Con­serv­ing pre­cious wa­ter

The Northland Age - - Opinion -

This week wa­ter sup­ply re­stric­tions are be­ing lifted across the dis­trict, in re­sponse to con­sis­tent rain­fall im­prov­ing both river flows and soil mois­ture lev­els.

Thank­fully we did not ex­pe­ri­ence a full­blown drought this sum­mer, but con­di­tions have been dry across much of the Far North. As early as Oc­to­ber river and soil mois­ture lev­els were in de­cline. Ac­cord­ing to Niwa, even now soil mois­ture in the very Far North re­mains lower than nor­mal, par­tic­u­larly on Aupo¯uri Penin­sula. This has prompted the or­gan­i­sa­tion to name the penin­su­lar a soil mois­ture ‘hot spot’ for May 2019.

This weather put our streams, rivers and ground wa­ter sources un­der pres­sure, forc­ing the coun­cil to in­tro­duce Level 3 re­stric­tions on four of our wa­ter sup­plies. RaweneO­manaia, Opononi-O¯ma¯pere, Kaiko­heN­gawha and Kawakawa-Mo­erewa all faced bans on sprin­klers and hoses. Level 2 sprin­kler bans were also ap­plied to the Kaitaia, and Kerik­er­iWaipapa sup­plies.

It was un­usual for Kaikohe to face Level 3 re­stric­tions. Its wa­ter sup­ply is nor­mally very re­silient. How­ever, forestry work in the area had sig­nif­i­cantly in­creased sed­i­ment lev­els in the Wairoro Stream catch­ment, the town’s pri­mary wa­ter source, mean­ing vol­umes that could be fil­tered at the Taraire Hills wa­ter treat­ment plant were sig­nif­i­cantly re­duced. To com­pen­sate we took more raw wa­ter from our bore at Mon­u­ment Hill. Un­for­tu­nately, this in­creased re­liance on our se­condary sup­ply meant un­der­ground aquifer lev­els be­came de­pleted. As a re­sult, both Ko­tahi­tanga Marae and Kaikohe’s his­toric Aper­a­hama Church, which rely on the same aquifer, faced the prospect of their spring run­ning dry.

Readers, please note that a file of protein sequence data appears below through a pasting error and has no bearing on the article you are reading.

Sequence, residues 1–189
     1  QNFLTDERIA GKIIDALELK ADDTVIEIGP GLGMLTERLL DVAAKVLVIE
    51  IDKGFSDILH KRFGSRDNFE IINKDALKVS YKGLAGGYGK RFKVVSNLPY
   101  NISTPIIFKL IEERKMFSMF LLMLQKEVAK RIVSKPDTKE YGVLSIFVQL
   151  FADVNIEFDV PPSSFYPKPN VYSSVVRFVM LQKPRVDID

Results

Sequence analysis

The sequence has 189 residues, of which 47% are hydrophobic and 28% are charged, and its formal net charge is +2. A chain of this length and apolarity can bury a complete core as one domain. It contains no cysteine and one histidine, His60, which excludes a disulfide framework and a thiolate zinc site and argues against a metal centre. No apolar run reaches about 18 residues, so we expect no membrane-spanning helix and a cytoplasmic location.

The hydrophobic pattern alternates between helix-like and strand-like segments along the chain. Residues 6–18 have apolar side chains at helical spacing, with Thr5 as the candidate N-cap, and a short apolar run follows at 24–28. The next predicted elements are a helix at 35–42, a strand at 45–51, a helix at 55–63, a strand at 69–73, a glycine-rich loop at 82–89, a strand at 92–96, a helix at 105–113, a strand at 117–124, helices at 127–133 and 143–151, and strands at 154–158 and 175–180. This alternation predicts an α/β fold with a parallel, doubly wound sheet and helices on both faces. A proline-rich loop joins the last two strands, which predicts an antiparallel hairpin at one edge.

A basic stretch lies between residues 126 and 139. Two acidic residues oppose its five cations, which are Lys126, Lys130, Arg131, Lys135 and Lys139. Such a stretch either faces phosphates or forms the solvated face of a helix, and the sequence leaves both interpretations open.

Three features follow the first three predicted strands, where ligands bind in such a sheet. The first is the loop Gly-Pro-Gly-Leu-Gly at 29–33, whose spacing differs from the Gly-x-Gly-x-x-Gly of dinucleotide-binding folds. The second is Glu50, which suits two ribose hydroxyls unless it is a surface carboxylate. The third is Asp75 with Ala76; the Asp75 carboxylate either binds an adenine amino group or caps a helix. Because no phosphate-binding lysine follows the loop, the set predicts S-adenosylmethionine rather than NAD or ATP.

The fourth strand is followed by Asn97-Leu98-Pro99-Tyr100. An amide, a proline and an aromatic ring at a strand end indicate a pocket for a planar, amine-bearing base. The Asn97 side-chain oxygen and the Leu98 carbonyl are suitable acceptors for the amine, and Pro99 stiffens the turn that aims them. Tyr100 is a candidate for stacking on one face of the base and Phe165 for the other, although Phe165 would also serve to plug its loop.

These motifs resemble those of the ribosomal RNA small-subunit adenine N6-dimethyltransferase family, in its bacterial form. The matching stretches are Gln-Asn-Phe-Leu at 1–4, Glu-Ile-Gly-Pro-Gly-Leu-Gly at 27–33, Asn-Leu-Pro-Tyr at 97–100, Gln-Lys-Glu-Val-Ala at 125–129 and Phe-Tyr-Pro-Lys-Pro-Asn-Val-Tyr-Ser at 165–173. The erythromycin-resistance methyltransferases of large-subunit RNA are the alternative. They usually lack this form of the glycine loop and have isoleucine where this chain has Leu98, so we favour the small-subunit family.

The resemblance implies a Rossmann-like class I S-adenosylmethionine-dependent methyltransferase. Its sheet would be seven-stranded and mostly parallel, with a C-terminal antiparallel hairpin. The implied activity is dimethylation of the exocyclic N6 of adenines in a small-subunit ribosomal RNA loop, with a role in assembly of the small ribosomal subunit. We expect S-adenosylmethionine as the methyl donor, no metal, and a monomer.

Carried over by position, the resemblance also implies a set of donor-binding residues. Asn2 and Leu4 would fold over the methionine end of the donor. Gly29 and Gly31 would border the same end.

The peo­ple of Kaikohe ral­lied fol­low­ing calls from the coun­cil and Waikotihe Trust, the kaiti­aki of the spring, to cut wa­ter con­sump­tion. Be­cause of this com­mu­nity ef­fort the spring con­tin­ued to flow over sum­mer, and the aquifer is now show­ing signs of re­cov­er­ing.

Across the dis­trict the coun­cil is work­ing hard to im­prove the re­silience of its wa­ter sup­plies. In Kaikohe we aim to in­crease ca­pac­ity at the Taraire Hills plant and so re­duce re­liance on the aquifer, and in the Hokianga our most sen­si­tive sup­plies are also be­ing im­proved. We are due to com­plete a new $2.8 mil­lion wa­ter treat­ment plant for Omanaia and Rawene in Au­gust, while we hope a new bore at Smoothy Rd will in­crease raw wa­ter sup­plies for Opononi and O¯ ma¯ pere res­i­dents.

In Kaitaia we are in­ves­ti­gat­ing new ex­trac­tion op­tions from the Aupo¯uri aquifer, and step­ping up a pro­gramme to iden­tify and re­pair leaks in the town’s retic­u­la­tion sys­tem. Sim­i­lar leak iden­ti­fi­ca­tion pro­grammes will be un­der­taken at our other wa­ter sup­ply schemes.

It is cru­cial that we im­prove the re­silience of our wa­ter sup­plies. Just as im­por­tant is for all of us to re­duce con­sump­tion. Kaikohe res­i­dents have demon­strated just how ef­fec­tive re­duc­ing de­mand can be, and I want to ac­knowl­edge and thank them for their ef­forts through­out the sum­mer.

"Kaikohe res­i­dents have demon­strated just how ef­fec­tive re­duc­ing de­mand can be, and I want to ac­knowl­edge and thank them for their ef­forts through­out the sum­mer."

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